Having been referred to as the voice of a generation, it’s obvious that Zoe would want to defend people who are constantly connected, and this moment definitely feels like her speaking rather than Penny. It was done cleverly, particularly in the scene where there’s an elderly lady complaining about kids being on their phones at an art gallery, while they were all researching the paintings to find out more information about them. It’s a good reminder to stop judging people for using their phones, because you never know what they might be doing with them.
The only thing that made me feel uncomfortable about this novel was the character of Posey Chang. Based off of Posey’s surname I’d assume she’s Chinese, but her ethnicity is never directly addressed. If you’re trying to add diversity to a book that primarily features white characters, it might be worth doing this in a less covert way.
There’s also been a lot of discussion in the YA community recently about the fact that using the description ‘almond-shaped eyes’ can be seen as racist. This discussion was focused on ‘The Continent’, an upcoming US release that was so extremely controversial that it’s release was pushed back to allow the problem to be dealt with, but that’s why it startled me to see it used in this novel. Why has the use been so vocally protested in one case, but hasn’t been mentioned at all in relation to this novel?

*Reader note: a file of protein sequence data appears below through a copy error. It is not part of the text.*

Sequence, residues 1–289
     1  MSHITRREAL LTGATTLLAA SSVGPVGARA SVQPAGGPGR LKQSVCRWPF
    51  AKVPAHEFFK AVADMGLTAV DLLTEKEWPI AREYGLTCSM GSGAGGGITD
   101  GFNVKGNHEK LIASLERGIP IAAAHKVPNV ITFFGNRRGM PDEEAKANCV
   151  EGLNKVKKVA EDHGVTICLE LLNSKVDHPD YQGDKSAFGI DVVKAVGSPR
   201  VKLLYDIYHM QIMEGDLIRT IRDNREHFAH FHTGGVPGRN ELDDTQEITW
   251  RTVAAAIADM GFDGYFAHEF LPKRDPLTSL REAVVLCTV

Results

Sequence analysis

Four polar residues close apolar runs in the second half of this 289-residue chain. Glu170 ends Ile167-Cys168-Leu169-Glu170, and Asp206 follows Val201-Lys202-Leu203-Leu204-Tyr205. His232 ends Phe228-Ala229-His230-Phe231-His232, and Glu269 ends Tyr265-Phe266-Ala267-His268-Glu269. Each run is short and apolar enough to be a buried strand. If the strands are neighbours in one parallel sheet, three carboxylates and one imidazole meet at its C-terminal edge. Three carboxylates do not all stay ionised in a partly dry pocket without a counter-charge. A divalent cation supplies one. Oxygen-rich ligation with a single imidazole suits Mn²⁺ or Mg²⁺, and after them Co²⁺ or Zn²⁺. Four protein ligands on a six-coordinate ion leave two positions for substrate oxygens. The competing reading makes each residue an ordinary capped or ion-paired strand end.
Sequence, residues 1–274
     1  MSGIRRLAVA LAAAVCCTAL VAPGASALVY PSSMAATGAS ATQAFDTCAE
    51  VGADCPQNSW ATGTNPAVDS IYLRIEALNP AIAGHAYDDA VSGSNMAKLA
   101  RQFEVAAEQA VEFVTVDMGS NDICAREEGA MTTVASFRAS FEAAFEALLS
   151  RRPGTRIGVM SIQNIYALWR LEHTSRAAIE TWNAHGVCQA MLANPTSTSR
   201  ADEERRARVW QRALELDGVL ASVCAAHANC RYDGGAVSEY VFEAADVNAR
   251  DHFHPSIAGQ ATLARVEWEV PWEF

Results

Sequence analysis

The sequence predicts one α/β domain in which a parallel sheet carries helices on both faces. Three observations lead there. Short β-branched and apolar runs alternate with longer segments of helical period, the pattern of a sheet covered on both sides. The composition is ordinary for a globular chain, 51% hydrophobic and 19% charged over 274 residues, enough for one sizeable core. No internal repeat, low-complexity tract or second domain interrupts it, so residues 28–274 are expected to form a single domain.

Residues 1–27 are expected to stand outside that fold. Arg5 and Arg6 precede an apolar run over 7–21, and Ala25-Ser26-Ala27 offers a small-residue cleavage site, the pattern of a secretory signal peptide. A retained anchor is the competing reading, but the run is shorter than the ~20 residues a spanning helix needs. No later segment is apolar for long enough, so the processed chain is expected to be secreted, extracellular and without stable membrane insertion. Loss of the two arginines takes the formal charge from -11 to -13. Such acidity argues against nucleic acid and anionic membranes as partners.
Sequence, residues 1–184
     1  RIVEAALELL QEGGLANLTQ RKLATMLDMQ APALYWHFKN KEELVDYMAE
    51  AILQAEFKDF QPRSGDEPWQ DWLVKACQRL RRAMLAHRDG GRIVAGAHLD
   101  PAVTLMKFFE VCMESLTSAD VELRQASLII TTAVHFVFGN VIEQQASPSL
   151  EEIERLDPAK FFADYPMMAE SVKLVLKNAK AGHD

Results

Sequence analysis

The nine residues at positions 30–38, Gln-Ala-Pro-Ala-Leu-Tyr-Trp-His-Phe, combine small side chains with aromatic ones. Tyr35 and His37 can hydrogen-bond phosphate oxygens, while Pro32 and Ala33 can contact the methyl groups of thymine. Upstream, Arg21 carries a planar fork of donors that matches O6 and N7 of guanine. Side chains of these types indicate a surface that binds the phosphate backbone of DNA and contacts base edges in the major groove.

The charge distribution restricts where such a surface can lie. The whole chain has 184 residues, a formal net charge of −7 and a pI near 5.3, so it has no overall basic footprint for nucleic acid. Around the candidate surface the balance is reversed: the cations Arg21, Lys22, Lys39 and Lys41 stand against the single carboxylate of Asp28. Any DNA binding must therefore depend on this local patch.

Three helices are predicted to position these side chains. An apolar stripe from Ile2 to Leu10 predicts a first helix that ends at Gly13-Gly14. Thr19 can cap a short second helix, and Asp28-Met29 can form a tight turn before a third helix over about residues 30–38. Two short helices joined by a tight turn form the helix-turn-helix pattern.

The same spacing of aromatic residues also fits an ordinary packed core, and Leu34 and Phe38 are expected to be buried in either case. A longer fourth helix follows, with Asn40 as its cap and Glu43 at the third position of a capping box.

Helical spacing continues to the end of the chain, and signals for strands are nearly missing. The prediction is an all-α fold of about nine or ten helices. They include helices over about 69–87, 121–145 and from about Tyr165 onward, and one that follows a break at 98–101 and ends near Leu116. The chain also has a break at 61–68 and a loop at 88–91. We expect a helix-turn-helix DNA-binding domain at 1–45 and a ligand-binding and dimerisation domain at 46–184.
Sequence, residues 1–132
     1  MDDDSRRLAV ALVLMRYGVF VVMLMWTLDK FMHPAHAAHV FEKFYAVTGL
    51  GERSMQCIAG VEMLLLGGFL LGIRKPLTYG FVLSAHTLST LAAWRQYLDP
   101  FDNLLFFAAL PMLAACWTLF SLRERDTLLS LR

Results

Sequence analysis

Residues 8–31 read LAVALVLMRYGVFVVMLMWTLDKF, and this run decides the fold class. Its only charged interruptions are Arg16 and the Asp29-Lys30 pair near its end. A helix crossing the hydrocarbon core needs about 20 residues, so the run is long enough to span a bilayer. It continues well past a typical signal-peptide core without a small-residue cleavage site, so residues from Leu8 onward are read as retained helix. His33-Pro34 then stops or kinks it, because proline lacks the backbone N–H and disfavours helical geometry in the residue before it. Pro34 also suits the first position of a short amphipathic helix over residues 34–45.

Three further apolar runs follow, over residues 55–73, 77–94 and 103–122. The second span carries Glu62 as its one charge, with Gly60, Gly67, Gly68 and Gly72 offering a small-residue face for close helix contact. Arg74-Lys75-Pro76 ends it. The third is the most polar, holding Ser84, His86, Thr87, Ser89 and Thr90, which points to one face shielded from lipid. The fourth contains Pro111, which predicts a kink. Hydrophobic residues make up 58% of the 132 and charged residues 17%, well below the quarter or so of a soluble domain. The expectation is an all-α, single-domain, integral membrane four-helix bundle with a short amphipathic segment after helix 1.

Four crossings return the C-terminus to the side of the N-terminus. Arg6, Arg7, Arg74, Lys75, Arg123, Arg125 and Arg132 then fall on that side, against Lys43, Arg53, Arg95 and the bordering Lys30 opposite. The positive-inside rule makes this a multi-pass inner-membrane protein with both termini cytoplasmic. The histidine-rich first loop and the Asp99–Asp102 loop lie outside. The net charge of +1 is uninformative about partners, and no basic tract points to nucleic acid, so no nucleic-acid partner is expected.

Compared to the first two books, I really liked this one. I’d hoped that the second book was the end to the series, but I’m glad that it wasn’t, because this third novel does nearly everything right.
Yes, there are some obvious plot twists and some super cliche moments, but everything’s good in moderation, and the happy ending made my heart melt.
Penny’s anxiety is a more focal point in this book instead of being relegated to the background, and the advice sprinkled throughout the book will help teenagers who struggle with anxiety and stress-related conditions. There’s not much ‘Going Solo’, having her jump from Noah to Callum to Noah, but there’s more of a focus on friendships and helping people, so the romance is the subplot for once.
I don’t know if there are going to be any more books in the series, or if this is going to be the final book in a trilogy, but I’m actually looking forward to seeing if Zoe writes anything else in the future. Now that she’s less reliant on a ghostwriter and seems to be taking control of these books into her own hands, they’re getting much stronger and feel like they’re finally being written for the audience they’re aimed at.